Grants, New Mexico

Encyclopedia Article


A small town located in central New Mexico, just north of Interstate 40, about 75 miles west of Albuquerque. It is the county seat for Cibola (formerly Valencia) county. The area was first inhabited by ancient Puebloans in the 12th century, but was left abandoned until European and American settlers arrived in the late 1800s, along with a railroad station. First named Grant's Camp after the three Grant brothers who were contracted to build the region's railroads, the town later changed its name to Grant's Station, and eventually in 1936 to Grants. The community's early economy was based on logging, ranching, and farming but when uranium was discovered in the 1950s the town saw a growing boom as the U.S. Atomic Energy Commission established large mining operations in the area. After the recession of the 1980s, and the ensuing decline of the uranium mining industry, the town gradually developed a more diverse economy. Its history and proximity to national monuments and forests (including Mount Taylor, the Zuni Mountains, Acoma Pueblo, El Malpais, and Chaco Culture National Historical Park) make it an attractive destination for tourists, Route 66 tourists, and outdoor recreation enthusiasts.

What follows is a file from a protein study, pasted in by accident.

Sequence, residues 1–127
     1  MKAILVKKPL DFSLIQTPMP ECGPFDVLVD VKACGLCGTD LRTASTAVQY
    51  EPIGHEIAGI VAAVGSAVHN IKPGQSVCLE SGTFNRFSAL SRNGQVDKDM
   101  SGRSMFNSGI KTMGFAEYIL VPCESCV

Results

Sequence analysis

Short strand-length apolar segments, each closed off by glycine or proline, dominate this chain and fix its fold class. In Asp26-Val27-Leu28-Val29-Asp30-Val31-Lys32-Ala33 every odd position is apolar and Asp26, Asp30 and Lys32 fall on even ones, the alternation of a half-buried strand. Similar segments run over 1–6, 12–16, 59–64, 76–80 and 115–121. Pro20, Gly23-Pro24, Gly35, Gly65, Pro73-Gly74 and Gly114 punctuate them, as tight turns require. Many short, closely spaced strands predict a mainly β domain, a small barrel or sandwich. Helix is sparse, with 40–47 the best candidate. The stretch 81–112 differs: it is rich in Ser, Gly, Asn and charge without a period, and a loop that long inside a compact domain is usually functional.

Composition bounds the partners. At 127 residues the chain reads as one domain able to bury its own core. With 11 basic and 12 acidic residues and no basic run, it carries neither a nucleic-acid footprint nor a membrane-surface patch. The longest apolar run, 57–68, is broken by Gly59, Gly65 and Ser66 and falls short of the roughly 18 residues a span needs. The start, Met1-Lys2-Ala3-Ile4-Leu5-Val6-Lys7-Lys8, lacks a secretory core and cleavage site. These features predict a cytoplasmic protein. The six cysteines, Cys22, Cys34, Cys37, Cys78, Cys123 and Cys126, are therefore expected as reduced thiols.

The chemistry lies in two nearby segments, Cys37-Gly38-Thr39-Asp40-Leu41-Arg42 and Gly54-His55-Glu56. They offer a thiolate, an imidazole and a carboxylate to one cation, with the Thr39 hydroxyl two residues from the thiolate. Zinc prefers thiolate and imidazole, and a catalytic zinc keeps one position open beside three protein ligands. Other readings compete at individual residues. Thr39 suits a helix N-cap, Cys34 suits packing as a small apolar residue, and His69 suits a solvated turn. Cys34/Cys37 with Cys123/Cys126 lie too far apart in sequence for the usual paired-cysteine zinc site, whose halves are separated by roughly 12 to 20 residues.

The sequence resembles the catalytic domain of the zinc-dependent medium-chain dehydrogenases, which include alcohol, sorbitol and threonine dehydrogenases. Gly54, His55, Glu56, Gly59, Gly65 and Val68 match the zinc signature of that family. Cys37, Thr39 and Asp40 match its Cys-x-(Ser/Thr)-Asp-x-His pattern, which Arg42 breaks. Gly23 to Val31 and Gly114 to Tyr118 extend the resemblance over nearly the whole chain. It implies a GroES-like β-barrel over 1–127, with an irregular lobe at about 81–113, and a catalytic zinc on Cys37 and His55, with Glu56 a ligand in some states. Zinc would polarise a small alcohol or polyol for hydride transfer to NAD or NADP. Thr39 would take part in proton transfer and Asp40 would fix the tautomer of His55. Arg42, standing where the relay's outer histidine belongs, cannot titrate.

Photo Credit: 

"Grants, New Mexico, May 17, 2011" by mercurialn is licensed under CC BY-NC.